Nottingham`s medieval sandstone caves
Below the grounds of Nottingham Castle there are medieval tunnels.
Washington: A combination of old and new technology - laser and pedal power - is being used to uncover hitherto unknown facts about the layout of Nottingham`s sandstone caves.
This is the very place where the city`s famous medieval ale was brewed and, where the legendary Robin Hood is said to have been imprisoned.
The Nottingham Caves Survey, being carried out by archaeologists from Trent & Peak Archaeology at The University of Nottingham, has already produced extraordinary, three dimensional, fly through, colour animation of caves that have been hidden from view for centuries.
Below the grounds of Nottingham Castle and across the city there is a labyrinth of medieval tunnels, dungeons, maltings and cellars - people even carved primitive living quarters out of Nottingham``s sandstone cliffs.
The man-made caves, cut into the strata of rock known as Sherwood Sandstone, are being recorded by laser scanners, which produce up to 500,000 survey points a second, enabling us to see these excavations as never before.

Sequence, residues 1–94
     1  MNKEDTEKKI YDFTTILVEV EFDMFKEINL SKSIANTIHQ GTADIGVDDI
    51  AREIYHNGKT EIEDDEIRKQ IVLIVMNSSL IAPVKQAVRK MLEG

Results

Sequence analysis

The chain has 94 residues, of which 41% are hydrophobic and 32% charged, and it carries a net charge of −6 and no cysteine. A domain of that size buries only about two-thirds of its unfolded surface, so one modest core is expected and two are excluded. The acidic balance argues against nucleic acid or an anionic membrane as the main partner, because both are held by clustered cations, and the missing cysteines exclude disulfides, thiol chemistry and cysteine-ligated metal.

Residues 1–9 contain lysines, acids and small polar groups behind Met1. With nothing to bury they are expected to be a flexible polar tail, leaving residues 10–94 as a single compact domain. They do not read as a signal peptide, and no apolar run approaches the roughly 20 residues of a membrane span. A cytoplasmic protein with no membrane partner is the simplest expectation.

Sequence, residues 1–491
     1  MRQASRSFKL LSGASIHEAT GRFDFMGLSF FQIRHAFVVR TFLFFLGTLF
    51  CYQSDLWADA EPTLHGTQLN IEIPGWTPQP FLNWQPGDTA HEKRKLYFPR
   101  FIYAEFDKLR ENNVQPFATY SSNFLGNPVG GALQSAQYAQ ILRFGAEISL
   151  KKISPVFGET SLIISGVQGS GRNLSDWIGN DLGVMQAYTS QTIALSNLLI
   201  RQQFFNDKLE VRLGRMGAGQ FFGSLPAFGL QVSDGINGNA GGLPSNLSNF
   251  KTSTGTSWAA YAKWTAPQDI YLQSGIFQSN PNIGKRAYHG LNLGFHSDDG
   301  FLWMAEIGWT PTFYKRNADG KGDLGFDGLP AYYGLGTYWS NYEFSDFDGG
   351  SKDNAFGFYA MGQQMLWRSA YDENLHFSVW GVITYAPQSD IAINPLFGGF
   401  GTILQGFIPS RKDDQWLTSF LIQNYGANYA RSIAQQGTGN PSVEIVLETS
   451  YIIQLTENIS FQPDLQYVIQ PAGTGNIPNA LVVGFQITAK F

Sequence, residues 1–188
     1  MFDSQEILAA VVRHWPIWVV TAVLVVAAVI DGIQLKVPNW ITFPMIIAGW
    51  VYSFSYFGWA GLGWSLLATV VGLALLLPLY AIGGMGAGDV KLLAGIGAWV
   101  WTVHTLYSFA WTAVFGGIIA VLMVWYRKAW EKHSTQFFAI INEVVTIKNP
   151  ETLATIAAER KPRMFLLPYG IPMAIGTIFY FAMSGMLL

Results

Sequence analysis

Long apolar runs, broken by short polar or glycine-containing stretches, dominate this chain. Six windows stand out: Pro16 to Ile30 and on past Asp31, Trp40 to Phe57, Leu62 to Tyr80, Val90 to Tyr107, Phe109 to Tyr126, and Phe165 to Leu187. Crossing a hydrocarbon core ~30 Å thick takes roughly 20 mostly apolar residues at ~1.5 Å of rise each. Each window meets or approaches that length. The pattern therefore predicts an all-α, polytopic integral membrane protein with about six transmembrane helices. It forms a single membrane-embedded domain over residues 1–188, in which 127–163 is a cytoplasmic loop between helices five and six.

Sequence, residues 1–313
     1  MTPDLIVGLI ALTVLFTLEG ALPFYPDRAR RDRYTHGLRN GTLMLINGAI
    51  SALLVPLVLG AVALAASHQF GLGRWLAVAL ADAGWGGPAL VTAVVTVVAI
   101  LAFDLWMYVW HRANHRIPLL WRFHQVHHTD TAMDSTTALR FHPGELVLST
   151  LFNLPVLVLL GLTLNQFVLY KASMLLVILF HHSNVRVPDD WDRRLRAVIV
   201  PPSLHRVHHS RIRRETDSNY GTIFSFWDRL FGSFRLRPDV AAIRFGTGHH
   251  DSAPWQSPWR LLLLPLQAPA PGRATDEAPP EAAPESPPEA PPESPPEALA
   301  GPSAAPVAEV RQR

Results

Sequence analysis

Archaeologists already know of around 450 caves - some are well documented and currently scheduled monuments of local and national importance.
"This remarkable new technology will create a full measured record of the caves in three dimensions. This gives us two really important things - a highly detailed archaeological record of the historic caves, and a new way for people to view caves they may never have seen before. For the first time visitors will be able to explore Nottingham`s unique caves with a laptop or smartphone over the web. However, there have to be many more caves that we don`t even know about and we want to hear from anyone who might have a sandstone tunnel at the back of their house, office or garden," Dr David Walker, of Trent & Peak Archaeology, said.
The survey will build on the work of the British Geological Survey carried out in the 1980s.